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iPod-compatible copy protected CDs from EMI

Written by James Delahunty (Google+) @ 20 Nov 2005 20:11 User comments (6)

iPod-compatible copy protected CDs from EMI The EMI group has announced that it will be producing copy protected CDs that will contain music capable of being stored and played on Apple Computer's iPod music player. One of the main complaints from consumers about CDs protected with some form of Digital Rights Management (DRM) technology is that so far iPod owners have been left in the dark, whereas users with MP3 players with Windows Media DRM support could transfer music to the devices. The music labels blamed Apple for this problem and in some cases, even offered work-around instructions to unsatisfied consumers.
Now EMI's new copy protected CDs will use technology from Macrovision, and will at least be compatible with iPods. "Apple is nearly finished with the technical work necessary to enable consumers to transfer music from content-protected discs to their iPods," the label said in a statement. "This is an important step for EMI and Apple, but even more so for music consumers who will soon be able to legitimately port music from protected discs they own to the iPod." Apple however, wasn't pleased with how EMI's statement details how these copy protected CDs will be iPod-compatible.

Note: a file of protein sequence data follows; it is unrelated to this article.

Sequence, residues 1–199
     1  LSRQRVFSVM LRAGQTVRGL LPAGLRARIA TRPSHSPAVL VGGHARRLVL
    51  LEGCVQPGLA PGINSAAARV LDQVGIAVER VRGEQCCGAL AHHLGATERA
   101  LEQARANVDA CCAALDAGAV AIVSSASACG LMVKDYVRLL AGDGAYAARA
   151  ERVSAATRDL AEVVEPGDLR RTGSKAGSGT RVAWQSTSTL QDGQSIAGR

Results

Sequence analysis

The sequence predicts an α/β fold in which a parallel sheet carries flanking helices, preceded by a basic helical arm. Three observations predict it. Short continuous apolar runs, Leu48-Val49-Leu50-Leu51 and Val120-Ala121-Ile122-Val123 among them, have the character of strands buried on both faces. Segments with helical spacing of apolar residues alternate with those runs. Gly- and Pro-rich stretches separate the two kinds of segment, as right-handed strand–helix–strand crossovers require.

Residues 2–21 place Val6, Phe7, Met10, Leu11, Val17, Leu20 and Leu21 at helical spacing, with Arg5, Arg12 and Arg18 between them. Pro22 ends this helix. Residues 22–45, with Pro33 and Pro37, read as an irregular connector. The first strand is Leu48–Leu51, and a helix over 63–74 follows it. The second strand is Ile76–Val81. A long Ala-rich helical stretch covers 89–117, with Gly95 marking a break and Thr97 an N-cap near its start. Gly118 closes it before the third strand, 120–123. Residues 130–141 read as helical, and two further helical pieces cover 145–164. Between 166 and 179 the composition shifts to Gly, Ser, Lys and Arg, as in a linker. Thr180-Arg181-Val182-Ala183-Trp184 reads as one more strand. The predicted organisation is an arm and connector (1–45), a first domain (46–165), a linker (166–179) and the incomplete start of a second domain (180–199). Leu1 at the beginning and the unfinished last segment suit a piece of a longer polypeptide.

"The information EMI provided regarding iTunes and iPod compatibility with Macrovision's technology is not true and we have no idea why EMI made this statement," the company said in a statement. If this is true though, it is a step forward for supported of copy protected CDs who have taken much criticism due to the lack of iPod compatibility so far. Of course, Sony BMG has blackened the name of "DRM" after deciding to use XCP, a DRM technology developed by UK-based First4Internet.

The rootkit-like installation and file cloaking techniques it used were frowned upon by many experts and anti-virus firms and it ultimately made Windows installations much less secure by allowing virus writers to hide files in the operating system easily. Sony BMG has since recalled 4.7 million CDs that contain XCP and has offered a swap deal to owners of the 2.1 million CDs already sold.


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6 user comments

121.11.2005 15:10

Hahahahaha! Suckers!

222.11.2005 0:48